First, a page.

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Am J Clin Nutr. 2019 Mar 1;109(Supplement_7):879S-889S. doi: 10.1093/ajcn/nqy321.

Complementary feeding and developmental milestones: a systematic review.

Author information

1
Panum Group, Bethesda, MD.
2
USDA, Food and Nutrition Service, Center for Nutrition Policy and Promotion, Alexandria, VA.
3
USDA-Agricultural Research Service Children's Nutrition Research Center, Baylor College of Medicine, Department of Pediatrics, Houston, TX.
4
Department of Nutrition, University of California, Davis, Davis, CA.
5
Mathematica Policy Research, Cambridge, MA.
6
Department of Pediatrics, University of Wisconsin School of Medicine and Public Health, Madison, WI.
7
Department of Pediatrics, University of Colorado School of Medicine, Aurora, CO.

Abstract

BACKGROUND:

Systematic reviews were conducted as part of the USDA and the US Department of Health and Human Services Pregnancy and Birth to 24 Months Project to examine the relation between complementary feeding and developmental milestones.

OBJECTIVES:

The aim of this study was to describe systematic reviews examining the relationship between timing of introduction of complementary foods and beverages (CFB), and the types and amounts of CFB consumed, and developmental milestones.

METHODS:

The literature was searched using 4 databases (PubMed, Cochrane, Embase, and CINAHL) to identify articles that met predetermined criteria for inclusion. Data extraction and risk of bias assessment were conducted for each included study. The body of evidence for each systematic review was qualitatively synthesized to develop a conclusion statement, and the strength of evidence was graded.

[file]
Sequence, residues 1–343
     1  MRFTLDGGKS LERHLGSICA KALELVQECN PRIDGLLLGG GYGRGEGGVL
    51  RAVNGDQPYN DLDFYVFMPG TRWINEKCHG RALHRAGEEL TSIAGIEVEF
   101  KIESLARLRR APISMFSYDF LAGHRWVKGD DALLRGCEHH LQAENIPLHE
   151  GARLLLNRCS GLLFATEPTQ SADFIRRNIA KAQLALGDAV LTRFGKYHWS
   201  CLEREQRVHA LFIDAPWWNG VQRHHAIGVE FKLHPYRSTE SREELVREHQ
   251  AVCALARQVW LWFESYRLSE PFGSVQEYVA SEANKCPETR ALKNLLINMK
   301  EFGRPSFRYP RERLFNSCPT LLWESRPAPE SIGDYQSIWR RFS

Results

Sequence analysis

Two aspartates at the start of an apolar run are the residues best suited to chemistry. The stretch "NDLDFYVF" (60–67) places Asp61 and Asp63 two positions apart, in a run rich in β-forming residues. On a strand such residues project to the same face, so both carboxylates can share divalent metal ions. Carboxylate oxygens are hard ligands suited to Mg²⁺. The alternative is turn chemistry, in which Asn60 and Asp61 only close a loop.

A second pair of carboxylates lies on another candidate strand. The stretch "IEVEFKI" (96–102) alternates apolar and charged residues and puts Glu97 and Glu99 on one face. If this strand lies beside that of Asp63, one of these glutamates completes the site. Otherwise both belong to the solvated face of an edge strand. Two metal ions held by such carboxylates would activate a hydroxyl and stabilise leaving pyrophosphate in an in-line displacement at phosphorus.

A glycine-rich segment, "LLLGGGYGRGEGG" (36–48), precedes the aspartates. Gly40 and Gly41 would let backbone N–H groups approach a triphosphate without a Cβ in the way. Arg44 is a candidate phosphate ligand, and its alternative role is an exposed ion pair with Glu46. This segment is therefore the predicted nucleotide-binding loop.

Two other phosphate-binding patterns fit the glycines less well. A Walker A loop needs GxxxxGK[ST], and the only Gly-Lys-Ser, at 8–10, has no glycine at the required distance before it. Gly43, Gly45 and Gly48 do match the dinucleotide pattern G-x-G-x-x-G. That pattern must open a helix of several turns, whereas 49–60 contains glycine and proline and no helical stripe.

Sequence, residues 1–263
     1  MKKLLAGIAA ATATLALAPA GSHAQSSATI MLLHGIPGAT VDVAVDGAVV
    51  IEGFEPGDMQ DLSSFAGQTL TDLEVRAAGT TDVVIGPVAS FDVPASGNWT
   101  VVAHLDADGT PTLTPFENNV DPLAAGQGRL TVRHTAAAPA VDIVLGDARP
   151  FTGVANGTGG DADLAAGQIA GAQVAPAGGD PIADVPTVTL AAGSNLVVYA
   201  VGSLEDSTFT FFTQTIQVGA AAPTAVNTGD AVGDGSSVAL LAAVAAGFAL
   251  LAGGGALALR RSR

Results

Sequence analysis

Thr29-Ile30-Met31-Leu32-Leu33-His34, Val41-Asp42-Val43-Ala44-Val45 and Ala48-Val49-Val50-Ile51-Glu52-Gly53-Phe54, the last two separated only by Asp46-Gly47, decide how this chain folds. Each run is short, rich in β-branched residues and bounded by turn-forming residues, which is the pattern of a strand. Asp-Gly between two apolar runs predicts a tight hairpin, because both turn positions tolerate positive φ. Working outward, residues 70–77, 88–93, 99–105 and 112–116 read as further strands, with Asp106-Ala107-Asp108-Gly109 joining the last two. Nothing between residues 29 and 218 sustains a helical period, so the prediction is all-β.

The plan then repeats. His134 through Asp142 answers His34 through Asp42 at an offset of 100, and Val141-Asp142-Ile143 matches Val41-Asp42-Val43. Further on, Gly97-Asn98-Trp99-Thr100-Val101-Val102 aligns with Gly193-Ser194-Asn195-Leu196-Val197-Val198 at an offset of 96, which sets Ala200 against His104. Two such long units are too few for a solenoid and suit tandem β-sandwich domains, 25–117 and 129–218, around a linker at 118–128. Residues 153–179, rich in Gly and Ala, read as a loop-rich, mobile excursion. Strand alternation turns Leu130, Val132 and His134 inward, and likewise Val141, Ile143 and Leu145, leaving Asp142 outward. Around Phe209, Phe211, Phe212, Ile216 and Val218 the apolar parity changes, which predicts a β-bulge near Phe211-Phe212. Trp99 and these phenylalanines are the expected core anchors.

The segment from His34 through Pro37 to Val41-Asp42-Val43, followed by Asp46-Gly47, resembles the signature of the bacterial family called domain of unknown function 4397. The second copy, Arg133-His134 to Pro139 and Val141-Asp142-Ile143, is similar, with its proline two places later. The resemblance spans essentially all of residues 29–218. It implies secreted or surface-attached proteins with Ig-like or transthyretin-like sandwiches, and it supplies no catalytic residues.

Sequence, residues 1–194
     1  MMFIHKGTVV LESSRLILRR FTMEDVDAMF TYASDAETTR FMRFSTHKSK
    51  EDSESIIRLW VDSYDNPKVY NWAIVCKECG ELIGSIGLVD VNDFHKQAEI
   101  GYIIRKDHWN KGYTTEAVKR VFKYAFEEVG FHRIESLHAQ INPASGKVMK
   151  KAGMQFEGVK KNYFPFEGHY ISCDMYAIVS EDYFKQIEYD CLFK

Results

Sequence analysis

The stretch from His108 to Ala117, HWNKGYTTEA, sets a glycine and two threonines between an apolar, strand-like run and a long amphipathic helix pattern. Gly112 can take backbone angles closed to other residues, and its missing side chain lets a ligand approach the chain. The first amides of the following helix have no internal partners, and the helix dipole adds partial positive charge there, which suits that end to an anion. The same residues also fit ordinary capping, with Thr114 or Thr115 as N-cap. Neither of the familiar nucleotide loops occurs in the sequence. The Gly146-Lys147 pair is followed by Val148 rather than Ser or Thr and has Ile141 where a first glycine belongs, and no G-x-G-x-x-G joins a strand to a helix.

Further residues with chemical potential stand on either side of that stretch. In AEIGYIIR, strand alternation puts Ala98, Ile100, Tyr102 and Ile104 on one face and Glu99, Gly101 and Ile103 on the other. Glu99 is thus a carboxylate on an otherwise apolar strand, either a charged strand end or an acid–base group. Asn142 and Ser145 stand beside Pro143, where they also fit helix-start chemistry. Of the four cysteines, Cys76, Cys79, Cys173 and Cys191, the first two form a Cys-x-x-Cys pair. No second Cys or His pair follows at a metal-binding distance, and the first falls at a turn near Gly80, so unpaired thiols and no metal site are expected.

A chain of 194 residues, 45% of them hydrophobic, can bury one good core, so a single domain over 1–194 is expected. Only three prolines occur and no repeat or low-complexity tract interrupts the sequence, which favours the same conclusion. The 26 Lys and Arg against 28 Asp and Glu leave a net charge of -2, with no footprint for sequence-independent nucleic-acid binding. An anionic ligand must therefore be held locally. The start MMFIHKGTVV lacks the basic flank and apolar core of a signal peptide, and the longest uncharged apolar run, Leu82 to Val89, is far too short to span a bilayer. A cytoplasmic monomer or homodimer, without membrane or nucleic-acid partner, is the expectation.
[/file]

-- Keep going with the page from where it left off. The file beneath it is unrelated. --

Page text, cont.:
RESULTS:

Three included articles (1 randomized controlled trial; 2 observational studies) examined timing of introduction of CFB. Eight included articles (3 randomized controlled trials; 5 observational studies) examined types and amounts of CFB. There was insufficient evidence to draw conclusions about the relation between either timing of CFB introduction or types and amounts of CFB, and developmental milestones.

CONCLUSIONS:

The ability to draw conclusions about the relationship between complementary feeding and developmental milestones was restricted by an inadequate amount of evidence with potential for issues with reverse causality and wide variation in design, type/age of outcome assessment, exposure assessment, and reported results. Additional research to address these gaps and limitations would be useful.

KEYWORDS:

cognitive development; complementary feeding; developmental milestones; dietary patterns; motor development; systematic review

PMID:
30982876
DOI:
10.1093/ajcn/nqy321

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